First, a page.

Have you ever wished you were blind? Probably not. Sight is such an important sense to most of us. We look forward to seeing our kids and grand-kids grow up, the spring flowers bloom, the sunrise or sunset…but Jesus tells us (in yesterday’s Gospel) that it would be better for some of us if we did not see. In the reading he heals a young man born blind, and yet the Pharisees still deny that He is the Christ. “Jesus said, ‘for judgment I have come into this world, so that the blind will see and those who see will become blind.’ Some Pharisees who were with him heard him say this and asked, ‘What? Are we blind too?’ Jesus said, ‘If you were blind, you would not be guilty of sin; but now that you claim you can see, your guilt remains.’ (John 9:39-41) I think what Jesus is telling those of us today who can see is to have unconditional faith. You’ve heard of unconditional love…some of us even make an effort to practice it (not perfectly by any means) trying to love even those who hurt us. But unconditional faith…that’s another matter. Sure, we say we believe in a God we cannot see. But do we really believe He will work all things out for our good? Do we really have unwavering faith in His plan for our lives, especially when prayers go unanswered, our dreams aren’t fulfilled, things don’t go according to our plans? That’s the kind of faith we are supposed to have. And yet like the Pharisees or Jews following Moses in the desert, we refuse to believe or we complain and get frustrated.
I was reminded of this late this past Saturday night when my car got a flat tire as I came out from a long day at the Maryland Writers Association Conference in Annapolis. I was blessed to be invited to be a presenter and the day had gone well but had started at 6 am and it was after 7:30 pm and time to drive an hour and a half for home. I came out to find my right front tire completely flat. I was annoyed with my husband because he hadn’t renewed our Triple A membership yet, and of course he wasn’t there to help me change the tire. (I know, not his fault, I should have renewed myself and should learn how to change a tire!) I ended up driving over a mile, at about 10 mph, to a gas station, other drivers angrily honking their horns at me as I prayed my car would make it without being completely damaged. I started thinking, ‘why God, would you allow my car to break down when I’m so very tired, in a place I’m not familiar with late at night, when I’m broke and don’t have money to shell out to get it fixed?’ I’m thankful I had driven to the conference along my friend, Faith. (ironic, huh?) She stayed with me during the hour-and-a-half it took to finally get a tow truck driver to take off the tire, patch it and put it back on again, and get on the road for home. As we sat on the rear bumper of the car waiting for what seemed to me like an eternity, she reminded me that God was probably just helping us avoid a far greater mishap down the road. That turned my attitude around from frustration to gratitude. And then on the long drive home I complained that my writing career isn’t taking off as fast as I’d like and I’m going broke. She reminded me of God’s timing. And I countered with “but what if it never does take off?” And she reminded me that He would have never put the dream to write Modern Day Bible Stories on my heart if he didn’t want me to be successful at it.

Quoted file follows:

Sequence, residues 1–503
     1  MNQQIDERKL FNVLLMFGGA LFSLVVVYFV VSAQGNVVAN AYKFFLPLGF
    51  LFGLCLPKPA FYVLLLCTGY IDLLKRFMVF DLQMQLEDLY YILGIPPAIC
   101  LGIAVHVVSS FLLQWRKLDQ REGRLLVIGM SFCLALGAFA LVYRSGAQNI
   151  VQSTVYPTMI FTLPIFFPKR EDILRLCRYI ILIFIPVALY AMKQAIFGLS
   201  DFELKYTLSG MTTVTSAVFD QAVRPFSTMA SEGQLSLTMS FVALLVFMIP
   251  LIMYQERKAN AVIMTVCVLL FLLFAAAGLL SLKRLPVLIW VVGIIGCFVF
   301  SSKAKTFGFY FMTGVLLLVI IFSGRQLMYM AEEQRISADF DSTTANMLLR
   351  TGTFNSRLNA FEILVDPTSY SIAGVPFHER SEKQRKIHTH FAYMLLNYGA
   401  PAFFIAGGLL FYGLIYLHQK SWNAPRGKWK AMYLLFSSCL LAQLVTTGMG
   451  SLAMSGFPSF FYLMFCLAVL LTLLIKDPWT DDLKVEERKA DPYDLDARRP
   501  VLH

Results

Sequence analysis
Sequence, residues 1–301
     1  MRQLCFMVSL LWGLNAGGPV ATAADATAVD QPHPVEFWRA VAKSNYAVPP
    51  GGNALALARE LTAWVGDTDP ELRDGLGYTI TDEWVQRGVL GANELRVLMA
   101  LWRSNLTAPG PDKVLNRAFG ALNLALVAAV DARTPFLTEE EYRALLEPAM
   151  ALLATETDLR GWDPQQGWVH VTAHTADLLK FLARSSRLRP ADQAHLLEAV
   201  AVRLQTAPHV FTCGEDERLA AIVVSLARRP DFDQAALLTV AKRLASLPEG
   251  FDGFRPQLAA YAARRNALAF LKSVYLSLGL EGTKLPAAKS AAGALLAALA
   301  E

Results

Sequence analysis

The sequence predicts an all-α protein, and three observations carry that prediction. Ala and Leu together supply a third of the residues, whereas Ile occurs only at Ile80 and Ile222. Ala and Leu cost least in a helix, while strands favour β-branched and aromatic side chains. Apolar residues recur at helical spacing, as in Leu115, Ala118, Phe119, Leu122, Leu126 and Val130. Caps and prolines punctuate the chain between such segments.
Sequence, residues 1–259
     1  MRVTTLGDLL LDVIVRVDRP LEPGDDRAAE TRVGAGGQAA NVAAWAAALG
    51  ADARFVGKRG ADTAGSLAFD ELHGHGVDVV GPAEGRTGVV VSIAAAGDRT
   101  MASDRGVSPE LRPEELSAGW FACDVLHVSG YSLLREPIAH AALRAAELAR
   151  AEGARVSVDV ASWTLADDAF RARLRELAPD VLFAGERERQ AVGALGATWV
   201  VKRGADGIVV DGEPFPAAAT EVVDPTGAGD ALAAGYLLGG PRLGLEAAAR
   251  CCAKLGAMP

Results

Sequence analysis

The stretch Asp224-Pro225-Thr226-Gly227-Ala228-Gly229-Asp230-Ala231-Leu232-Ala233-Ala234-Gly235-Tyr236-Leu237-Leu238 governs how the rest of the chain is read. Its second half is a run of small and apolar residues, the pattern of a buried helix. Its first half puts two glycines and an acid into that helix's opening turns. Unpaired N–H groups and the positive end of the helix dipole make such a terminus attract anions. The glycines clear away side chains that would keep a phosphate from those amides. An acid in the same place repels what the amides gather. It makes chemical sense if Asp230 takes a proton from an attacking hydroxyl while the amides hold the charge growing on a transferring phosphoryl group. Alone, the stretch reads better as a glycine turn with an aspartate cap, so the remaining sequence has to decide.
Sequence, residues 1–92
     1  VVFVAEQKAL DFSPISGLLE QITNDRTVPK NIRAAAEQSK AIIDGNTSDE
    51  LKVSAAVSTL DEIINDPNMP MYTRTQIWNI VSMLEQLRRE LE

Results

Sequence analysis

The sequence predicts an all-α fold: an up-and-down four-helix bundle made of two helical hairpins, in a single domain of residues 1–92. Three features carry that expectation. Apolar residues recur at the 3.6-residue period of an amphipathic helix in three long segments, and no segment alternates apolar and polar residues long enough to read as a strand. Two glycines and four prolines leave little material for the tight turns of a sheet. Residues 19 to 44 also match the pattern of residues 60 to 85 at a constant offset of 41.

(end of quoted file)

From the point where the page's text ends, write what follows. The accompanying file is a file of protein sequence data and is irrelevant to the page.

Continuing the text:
One of the most courageous people of all time is Helen Keller. At 19 months of age an illness rendered her deaf and blind. Helen’s parents hired 20-year-old Anne Sullivan to work with Helen, teaching her words and helping her to “see” and “hear” by spelling words into her hands. Helen in turn became an author and motivational public speaker helping many, many others who were deaf and blind. I believe God sent Anne to Helen just as he encourages each of us by putting others in our paths to help and guide us, like he put Faith with me Saturday night. My favorite quote of all time comes from Helen Keller: “Life is either a daring adventure or nothing at all.” When things seem dark and dismal to us, we need to see through Faith’s eyes, Helen’s eyes, the eyes of our own faith. Lord, help me to have blind faith and to see You and Your wonderful plan for my life by opening the eyes of my heart.